The camera 40 used in the system 30, 30' can be any kind of imaging device (e.g., a conventional camera with chemical exposition film, video camera, etc), but is typically a high resolution digital camera, having CCD or CMOS captors of typically 12 Megapixel of resolution or more, with controllable aperture and fast response time of typically 4.5 images/second or more.
 Fast response time is required to obtain still images during image acquisition while the vehicle 70 is in motion. Speed of displacement of the vehicle varies; it is typically of 10 km/h and 2.5 km/h for respectively outdoor and indoor image acquisition applications; this provides for a resolution of three to four or more images per meter (at 2.5 km/h) for indoor applications to one image per meter for outdoor applications (at 10 Km/h). Typical speed and number of image per meter disclosed in this document are provided by example and do not constitute a limitation to the applicable field of the 1.5 present invention. Images can be captured at higher vehicle velocity; during which, satisfactorily images can be captured using a camera with a better sensitivity or a lower image resolution or at a lower capture rate allowing fewer view points along a pathway. Identical or a higher number of view points may be captured using a faster capture device. Higher or lower density (images per meter) may be achieved based on requirements of the specific application field, and on hardware evolution.
 For a low light environment, image bracketing and high dynamic range (HDR) image processing is used to enhance the dynamic spectrum of the final image. Image bracketing and HDR is a technique used to mix multiple images of the same viewpoint, each image having different exposure time. Image bracketing and HDR require the immobility of the vehicle during image acquisition, the drawback being a slower image capture process.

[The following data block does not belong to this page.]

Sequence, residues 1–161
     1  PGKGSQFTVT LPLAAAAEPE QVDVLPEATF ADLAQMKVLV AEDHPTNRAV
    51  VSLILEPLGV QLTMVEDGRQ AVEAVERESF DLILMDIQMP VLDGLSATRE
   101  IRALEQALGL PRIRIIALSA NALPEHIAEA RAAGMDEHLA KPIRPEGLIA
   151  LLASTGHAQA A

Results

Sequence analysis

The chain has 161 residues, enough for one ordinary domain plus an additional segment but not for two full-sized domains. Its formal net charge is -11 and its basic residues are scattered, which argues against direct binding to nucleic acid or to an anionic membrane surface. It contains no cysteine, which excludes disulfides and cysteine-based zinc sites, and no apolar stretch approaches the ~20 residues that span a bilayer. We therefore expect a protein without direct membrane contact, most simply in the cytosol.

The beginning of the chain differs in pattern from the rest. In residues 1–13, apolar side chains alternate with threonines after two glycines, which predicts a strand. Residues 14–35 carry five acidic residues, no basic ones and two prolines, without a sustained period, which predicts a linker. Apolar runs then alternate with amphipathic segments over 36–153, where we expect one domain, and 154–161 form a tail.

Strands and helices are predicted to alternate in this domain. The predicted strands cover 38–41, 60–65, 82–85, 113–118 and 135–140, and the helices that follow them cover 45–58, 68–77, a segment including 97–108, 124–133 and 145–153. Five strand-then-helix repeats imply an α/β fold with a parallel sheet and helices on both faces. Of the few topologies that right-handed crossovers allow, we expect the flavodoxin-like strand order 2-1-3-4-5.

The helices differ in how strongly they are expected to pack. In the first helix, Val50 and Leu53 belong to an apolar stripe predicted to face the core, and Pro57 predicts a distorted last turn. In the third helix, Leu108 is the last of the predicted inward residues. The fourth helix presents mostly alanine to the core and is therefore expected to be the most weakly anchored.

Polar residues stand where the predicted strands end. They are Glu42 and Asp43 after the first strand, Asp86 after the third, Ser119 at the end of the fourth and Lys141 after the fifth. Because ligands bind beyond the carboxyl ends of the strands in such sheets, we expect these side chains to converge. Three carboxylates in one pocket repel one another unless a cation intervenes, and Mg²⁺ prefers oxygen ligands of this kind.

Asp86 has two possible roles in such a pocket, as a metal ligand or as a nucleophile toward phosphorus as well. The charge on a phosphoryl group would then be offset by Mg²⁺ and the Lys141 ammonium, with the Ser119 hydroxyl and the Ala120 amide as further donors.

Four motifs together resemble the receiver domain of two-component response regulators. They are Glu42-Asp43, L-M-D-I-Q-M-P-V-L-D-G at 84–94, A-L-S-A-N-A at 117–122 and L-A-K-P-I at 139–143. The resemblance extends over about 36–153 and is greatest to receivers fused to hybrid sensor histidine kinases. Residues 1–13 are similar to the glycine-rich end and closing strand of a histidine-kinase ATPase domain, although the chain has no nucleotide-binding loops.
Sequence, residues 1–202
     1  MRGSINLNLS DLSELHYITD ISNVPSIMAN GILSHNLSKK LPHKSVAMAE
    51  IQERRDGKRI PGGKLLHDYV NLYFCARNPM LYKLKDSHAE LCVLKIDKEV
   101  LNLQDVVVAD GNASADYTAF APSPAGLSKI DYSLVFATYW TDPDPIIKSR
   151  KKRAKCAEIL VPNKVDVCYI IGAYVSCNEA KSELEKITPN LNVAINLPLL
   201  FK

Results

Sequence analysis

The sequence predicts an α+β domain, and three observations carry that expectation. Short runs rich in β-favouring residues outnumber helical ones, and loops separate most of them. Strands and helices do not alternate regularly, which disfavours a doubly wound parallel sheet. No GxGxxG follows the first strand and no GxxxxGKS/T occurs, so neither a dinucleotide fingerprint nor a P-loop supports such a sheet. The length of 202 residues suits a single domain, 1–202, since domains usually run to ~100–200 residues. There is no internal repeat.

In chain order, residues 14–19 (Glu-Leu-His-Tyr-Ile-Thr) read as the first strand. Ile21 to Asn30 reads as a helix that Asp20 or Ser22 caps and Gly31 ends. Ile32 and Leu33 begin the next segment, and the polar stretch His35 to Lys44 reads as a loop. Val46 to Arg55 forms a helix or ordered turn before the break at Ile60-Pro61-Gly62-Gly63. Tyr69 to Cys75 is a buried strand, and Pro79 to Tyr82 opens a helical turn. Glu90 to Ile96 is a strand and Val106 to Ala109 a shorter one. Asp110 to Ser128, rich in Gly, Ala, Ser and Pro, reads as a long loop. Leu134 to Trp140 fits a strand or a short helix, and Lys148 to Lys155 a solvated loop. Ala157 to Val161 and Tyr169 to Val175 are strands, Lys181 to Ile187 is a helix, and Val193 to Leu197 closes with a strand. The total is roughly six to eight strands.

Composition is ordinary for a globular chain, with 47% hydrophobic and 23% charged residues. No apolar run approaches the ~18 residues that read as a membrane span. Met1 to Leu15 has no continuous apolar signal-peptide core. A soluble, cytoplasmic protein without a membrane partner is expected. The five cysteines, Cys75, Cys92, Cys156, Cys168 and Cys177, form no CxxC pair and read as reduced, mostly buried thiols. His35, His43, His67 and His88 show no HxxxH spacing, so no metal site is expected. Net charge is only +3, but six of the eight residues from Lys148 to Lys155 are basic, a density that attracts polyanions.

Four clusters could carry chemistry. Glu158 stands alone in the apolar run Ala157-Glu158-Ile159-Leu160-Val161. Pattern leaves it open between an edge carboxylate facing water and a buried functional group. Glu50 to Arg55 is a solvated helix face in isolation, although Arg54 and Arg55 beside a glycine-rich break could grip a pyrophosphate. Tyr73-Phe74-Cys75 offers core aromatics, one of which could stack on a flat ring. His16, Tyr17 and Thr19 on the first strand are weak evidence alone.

The digital camera 40 is coupled to a catadioptric optic system 32 by an optic apparatus 42 such as is commercially available from manufacturers such as Nikon and Cannon, then by a standard connector 38 provided by the catadioptric lens manufacturer for each proprietary optic mounting format. The digital camera 40 could also be coupled with the panoramic lens 33 by an optic apparatus 43 that is commercially available from the above-mentioned manufacturers
 The memory device, such as computer 50, receives and stores the images transferred from the camera 40, together with other information received from measurement device 60 such as geographic coordinates (including altitude) related to the images as well as geometric orientation, acceleration, rate of rotation on all three axes (attitude) and travel distance information of the capture vehicle and/or the measurement device. Memory device 50 is typically a computer installed with an operating system, proprietary software and a logical device with multiple processing cores and/or CPU arrangement. The proprietary software manages the distribution of the load of image acquisition to multiple threads on multiple CPUs, processing cores or logical processing units. The distribution of load is achieved by attributing the processing work of each subsequent image to another CPU core or logical processing unit. In a computer 50 having four logical processing units, a typical image capture sequence according to the present invention would be processed in sequential order as follows: (i) first image's acquisition processing work is performed on "logical processing unit 1", (ii) second image's acquisition processing work is performed on "logical processing unit 2", (iii) third image's acquisition processing work is performed on "logical processing unit 3", (iv) fourth image's acquisition processing work is performed on "logical processing unit 4", (v) fifth image acquisition processing work is performed on "logical processing unit 1", (vi) sixth image acquisition processing work is performed on "logical processing unit 2". The distribution of acquisition processing across multiple CPUs increases the rate of image acquisition in a given time, resulting in better image acquisition performance and accrued image acquisition reliability.